Italian pianist Stefano Battaglia
and his trio present a program with a special thematic focus: all of the music was written by American composer Alec Wilder
. Wilder is best known for his popular songs (recorded by Frank Sinatra, Peggy Lee, the Mills Brothers and others), but he also composed in many other genresincluding art songs, orchestral music, chamber music, film music, musicals, and opera. And he wrote the influential book American Popular Song: The Great Innovators (1900-1950)
about the classic era of American songwriting.
While there have been jazz interpretations of Wilder's workBattaglia mentions songs like "While We're Young," "Blackberry Winter," and "Moon and Sand" covered by Keith Jarrett
in particularBattaglia came into more direct contact through performance. He says that "after working on Wilder's chamber music I wanted to develop a deeper connection with his intriguing musical universe, and I've discovered an immense hidden treasure." We all benefit from that connection, because Battaglia's trio arrangements are simply stunning.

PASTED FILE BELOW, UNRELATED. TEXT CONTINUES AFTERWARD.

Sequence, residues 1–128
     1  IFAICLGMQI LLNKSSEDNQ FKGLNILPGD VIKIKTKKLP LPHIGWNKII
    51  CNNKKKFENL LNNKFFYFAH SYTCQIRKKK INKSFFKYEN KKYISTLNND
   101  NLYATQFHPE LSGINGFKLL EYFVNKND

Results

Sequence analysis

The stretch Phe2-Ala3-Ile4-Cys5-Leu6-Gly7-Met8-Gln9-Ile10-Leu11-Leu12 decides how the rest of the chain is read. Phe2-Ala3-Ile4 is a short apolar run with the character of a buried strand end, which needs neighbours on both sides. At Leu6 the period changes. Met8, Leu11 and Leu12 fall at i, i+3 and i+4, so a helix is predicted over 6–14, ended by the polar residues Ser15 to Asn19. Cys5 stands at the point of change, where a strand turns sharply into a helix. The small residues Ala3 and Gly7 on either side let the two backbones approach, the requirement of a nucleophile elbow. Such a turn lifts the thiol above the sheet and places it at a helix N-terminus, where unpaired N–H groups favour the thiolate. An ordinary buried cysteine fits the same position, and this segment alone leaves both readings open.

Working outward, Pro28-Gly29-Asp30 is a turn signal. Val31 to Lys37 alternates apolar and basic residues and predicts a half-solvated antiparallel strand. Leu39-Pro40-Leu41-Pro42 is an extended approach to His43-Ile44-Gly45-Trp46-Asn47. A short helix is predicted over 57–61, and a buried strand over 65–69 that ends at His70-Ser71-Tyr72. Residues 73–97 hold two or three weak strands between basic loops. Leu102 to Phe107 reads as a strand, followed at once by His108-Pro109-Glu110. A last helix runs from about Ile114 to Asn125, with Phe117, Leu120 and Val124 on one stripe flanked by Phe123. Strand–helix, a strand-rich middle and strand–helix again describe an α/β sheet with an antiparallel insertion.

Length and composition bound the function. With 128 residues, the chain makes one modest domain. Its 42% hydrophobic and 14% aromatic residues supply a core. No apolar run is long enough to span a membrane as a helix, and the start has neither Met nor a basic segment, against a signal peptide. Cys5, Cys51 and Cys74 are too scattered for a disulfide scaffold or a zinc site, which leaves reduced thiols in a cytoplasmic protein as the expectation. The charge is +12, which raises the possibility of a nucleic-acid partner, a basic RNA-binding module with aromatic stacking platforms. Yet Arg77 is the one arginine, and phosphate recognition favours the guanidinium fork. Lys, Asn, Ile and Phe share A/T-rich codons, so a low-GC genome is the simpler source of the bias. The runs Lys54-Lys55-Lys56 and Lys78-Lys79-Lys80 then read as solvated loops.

The title tune sets the tone at the opening: a stately theme which the trio elaborates on gradually, more like a classical theme and variations than the usual jazz improvisation on the chord changes. Battaglia began his career as a classical pianist, which may be at least a partial explanation for this approach. Regardless, it comes across as the perfect treatment of this music. "River Run" begins with a teasing opening before the theme is stated, then ends with a similar dissolution: a metaphoric rendering of the motion of a river.
"Moon And Sand" is the most often covered of the pop tunes in the program, so it would have logically had the most singing theme. But that honor goes to "When I am Dead My Dearest," whose memorable melody is stated by the piano and bass in tandem ("Where Do You Go?" comes in a close second). "The Lake Isle Of Innisfree" has the expected Celtic flavor. The longest track in the album, it has generous space for a bass solo from Salvatore Maiore
, who makes the most of his spotlight in the midst of a generally group-oriented sound.
The closing "Chick Lorimer" is the most abstract tune in the collection, despite being a treatment of an art song setting the poetry of Carl Sandburg. The poem is "Gone," which begins:
"Everybody loved Chick Lorimer in our town.
Everybody loved her."
This is a trio with a deep rapport, and Wilder's music provides a wonderfully American "idiosyncratic mixture of styles" (in Battaglia's description) for them to interact in. There's something magical about this meeting of composer and performers, and it's a joy to hear.